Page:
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Plato

(ca. 428/427 - 348/347 B.C.E.)
Greek Philosopher

Portugees version

Influences

Education

  • Studied philosophy in Athens under Socrates, 408-400 B.C.E.

Career

  • Ca. 387, established the Academy of Athens, taught philosophy there for 40 years

Ideas and Contributions

Plato was born into a wealth Athenian family and planned to become a politician. As he grew older, he became repulsed by the brutal and unethical practices of Athenian dictators. In 399 B.C.E. he left Athens when his friend Socrates was sentenced to death. Twelve years later, he founded a school of philosophy and science called the Academy, the first university. Plato is famous for his written dialogues, conversations between two or more characters debating philosophical issues. His earliest dialogues utilize Socrates as the main character who questions others on their beliefs and ideas. (World Book)

Plato's philosophy was based on his theory of a soul divided into three components, reason, will and appetite. He contended that one can identify the parts of the soul because they sometimes clash with each other. A person may crave or have an appetite for something, yet resist the craving with willpower. A correctly operating soul requires the highest part, reason, to control the lowest part, appetite, with assistance from the will.

Plato regarded the body and soul as separate entities. As a dualist, he also posited an "unreal" world of the senses and physical processes, and a "real" world of ideal forms.

Plato believed that though the body dies and disintegrates, the soul continues to live forever. After the death of the body, the soul migrates to what Plato called the realm of the pure forms. There, it exists without a body, contemplating the forms. After a time, the soul is reincarnated in another body and returns to the world. But the reincarnated soul retains a dim recollection of the realm of forms and yearns for it. . . . In the Meno, Plato has Socrates teach an ignorant slave boy a truth of geometry by simply asking a series of questions. Because the boy learns this truth without being given any information, Plato concluded that learning consists of recalling what the soul experienced in the realm of the forms. (World Book, p. 570)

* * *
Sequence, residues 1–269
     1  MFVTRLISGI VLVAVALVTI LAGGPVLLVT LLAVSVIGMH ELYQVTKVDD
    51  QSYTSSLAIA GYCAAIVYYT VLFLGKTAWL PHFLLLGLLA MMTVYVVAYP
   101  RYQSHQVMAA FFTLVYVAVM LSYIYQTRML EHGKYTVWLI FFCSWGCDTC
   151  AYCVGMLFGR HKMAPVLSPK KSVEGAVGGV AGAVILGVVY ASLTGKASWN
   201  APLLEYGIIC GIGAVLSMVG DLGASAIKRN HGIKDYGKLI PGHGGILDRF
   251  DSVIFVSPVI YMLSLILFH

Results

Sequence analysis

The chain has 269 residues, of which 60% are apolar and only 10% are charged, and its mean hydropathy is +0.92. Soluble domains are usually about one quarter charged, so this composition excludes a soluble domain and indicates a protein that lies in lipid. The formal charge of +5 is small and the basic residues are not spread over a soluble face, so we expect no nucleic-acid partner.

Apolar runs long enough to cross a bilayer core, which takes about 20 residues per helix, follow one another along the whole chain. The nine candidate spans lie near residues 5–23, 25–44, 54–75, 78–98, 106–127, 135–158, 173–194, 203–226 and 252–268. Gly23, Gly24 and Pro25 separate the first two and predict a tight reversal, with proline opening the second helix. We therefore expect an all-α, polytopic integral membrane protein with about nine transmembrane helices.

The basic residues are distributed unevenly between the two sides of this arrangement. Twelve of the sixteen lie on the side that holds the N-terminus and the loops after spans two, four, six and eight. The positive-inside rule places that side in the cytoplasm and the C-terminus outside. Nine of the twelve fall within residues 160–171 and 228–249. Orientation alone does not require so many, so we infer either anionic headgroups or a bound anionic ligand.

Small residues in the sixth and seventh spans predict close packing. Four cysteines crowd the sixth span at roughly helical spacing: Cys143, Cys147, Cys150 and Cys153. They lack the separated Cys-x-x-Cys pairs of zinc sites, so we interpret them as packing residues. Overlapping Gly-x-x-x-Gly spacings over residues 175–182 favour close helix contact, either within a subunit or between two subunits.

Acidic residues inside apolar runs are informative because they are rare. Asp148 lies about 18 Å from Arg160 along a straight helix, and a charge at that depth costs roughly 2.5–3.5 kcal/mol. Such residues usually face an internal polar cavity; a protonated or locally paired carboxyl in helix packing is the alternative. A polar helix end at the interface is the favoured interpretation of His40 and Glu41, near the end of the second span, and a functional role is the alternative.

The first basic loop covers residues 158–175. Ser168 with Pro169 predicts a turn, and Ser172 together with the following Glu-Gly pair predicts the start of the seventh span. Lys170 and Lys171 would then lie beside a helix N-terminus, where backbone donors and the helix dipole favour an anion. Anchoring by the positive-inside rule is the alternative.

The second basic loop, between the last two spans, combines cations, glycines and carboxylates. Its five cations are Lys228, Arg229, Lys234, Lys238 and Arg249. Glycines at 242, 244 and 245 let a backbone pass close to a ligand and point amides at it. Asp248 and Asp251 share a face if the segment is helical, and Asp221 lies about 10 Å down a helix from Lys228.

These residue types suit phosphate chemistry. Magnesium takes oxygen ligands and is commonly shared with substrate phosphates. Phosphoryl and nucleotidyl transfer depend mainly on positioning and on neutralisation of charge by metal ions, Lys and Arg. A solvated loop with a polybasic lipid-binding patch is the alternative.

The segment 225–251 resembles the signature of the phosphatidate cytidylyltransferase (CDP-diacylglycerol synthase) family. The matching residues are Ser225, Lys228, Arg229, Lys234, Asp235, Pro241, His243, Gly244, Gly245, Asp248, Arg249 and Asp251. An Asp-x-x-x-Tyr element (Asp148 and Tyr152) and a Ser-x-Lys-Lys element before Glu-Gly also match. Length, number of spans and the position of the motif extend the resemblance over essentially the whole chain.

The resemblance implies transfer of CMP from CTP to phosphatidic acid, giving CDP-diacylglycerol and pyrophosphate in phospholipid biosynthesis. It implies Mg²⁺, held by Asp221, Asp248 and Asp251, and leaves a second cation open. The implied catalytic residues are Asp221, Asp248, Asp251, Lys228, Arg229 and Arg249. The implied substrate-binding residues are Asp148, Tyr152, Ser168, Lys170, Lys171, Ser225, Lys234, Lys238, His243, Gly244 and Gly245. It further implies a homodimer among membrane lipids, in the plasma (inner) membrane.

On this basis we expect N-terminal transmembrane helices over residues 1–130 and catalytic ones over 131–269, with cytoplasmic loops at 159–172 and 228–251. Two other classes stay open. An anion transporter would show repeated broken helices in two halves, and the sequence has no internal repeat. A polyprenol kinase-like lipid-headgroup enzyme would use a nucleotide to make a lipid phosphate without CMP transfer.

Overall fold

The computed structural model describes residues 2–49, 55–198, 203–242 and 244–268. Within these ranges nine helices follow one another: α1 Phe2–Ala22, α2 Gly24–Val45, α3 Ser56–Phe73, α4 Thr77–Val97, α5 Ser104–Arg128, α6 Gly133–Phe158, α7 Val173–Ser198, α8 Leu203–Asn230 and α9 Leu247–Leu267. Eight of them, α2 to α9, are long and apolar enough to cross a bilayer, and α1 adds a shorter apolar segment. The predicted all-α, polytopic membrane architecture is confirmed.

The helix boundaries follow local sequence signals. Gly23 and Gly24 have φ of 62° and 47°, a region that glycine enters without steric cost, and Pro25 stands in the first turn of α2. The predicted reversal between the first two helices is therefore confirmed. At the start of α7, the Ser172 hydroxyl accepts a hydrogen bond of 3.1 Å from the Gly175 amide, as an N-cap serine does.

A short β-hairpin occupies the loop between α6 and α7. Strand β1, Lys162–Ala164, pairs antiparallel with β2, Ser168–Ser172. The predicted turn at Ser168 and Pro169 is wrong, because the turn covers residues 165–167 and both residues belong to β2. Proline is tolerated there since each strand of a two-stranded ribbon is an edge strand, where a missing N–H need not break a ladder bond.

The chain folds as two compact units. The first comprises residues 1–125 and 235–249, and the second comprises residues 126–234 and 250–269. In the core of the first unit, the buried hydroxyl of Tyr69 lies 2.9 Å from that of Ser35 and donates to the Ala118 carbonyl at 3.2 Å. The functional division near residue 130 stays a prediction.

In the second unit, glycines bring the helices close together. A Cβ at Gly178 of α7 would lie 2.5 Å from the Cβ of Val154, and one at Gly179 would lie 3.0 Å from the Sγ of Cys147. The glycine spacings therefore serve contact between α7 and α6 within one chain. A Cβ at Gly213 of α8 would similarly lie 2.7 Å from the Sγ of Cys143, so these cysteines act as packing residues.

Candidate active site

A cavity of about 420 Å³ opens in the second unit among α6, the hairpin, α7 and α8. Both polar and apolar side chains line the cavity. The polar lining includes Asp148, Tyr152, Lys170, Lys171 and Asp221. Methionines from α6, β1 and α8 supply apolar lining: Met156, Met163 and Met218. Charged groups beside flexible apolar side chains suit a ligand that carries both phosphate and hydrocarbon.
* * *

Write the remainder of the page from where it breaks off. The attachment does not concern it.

Plato thought that only the soul could perceive the ideal forms. When the body and the soul combine, the body obstructs the soul's ability to recall the ideal forms. "Knowledge is not given by the senses but acquired thought them as reason organizes and makes sense out of that which is perceived ( Zusne, p. 6)." Reason unveils the ideal forms behind appearances.

Plato's philosophy was influential in the development of early Christian thought through the ideas of Plotinus [ca. 205-270, Roman philosopher who developed Neoplatoism, a philosophy based on Plato's ideas] and the writing of St. Augustine. The idea of the separation of the body and soul, and an immortal soul also began with Plato. During the 13th century, Aristotle's ideas replaced Plato's ideas as the most influential philosophy in Christian thought.

Publications

  • The Sophist
  • The Symposium

References: 27, 29


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Last Modified: 17 November 2013